The town of Tequila, Mexico, may not have the biggest or the showiest or the most popular Day of the Dead displays, but it does offer a chance to double down on its cultural history — and its spirits. Travelers who stay overnight can learn about the traditional November holiday dedicated to lost loved ones as well as the history of the liquor for which the town is named.
Tequila, about 43 miles west of much bigger Guadalajara, will host events Nov. 1 to celebrate the day that’s all about remembering the dead and honoring their spirits. You can follow the late-night procession to the altar — decorated with offerings such as flowers, tamales and sometimes liquor and cigarettes — and the lighting of candles.
In the town’s plaza, stories will be told, including one about the celestial characters involved in the mythical birth of tequila. By the way, tequila is a designation of origin product, meaning it can only be made in Tequila to be authentic (just like Champagne can only be produced in the Champagne region of France).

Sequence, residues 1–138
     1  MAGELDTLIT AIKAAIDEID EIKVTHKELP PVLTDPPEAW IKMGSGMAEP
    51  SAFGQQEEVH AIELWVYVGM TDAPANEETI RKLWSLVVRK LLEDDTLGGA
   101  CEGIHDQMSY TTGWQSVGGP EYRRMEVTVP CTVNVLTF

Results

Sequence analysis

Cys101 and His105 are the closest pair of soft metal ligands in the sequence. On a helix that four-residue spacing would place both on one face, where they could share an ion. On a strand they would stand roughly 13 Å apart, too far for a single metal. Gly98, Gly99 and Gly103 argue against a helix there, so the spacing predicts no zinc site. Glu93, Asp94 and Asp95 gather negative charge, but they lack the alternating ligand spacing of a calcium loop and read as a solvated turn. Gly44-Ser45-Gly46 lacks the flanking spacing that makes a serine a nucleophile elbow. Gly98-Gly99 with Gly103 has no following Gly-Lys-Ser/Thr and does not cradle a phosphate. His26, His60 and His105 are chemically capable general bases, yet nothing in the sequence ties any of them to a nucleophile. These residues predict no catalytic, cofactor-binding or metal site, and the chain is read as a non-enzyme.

The next day, visitors can hop aboard the Tequila Train, also known as the Jose Cuervo Express. You’ll tour the liquor company’s 250-year-old La Rojeña distillery, watch how agave is harvested (agave is the plant from which tequila is made), enjoy a classic toast and then hop the train to Guadalajara.
It’s the historic blue-green agave fields that landed the spot the designation “magic town” from Mexico’s tourism board and placed it on the list of UNESCO World Heritage Sites. In 1758, the Spanish king awarded Jose Cuervo (a real person who’s name was Don Jose Antonio de Cuervo) the land in Tequila which he turned into an agave farm. The rest is history.
The hour-long train ride comes with more tequila drinks and a pro tasting guide to answer questions and provide tasting tips. Tickets on the Nov. 2 train start at $107 for adults and $95 for children 6 to 17 years old. (The train runs year-round, in case you come at any other time of the year.)
Info: Jose Cuervo Express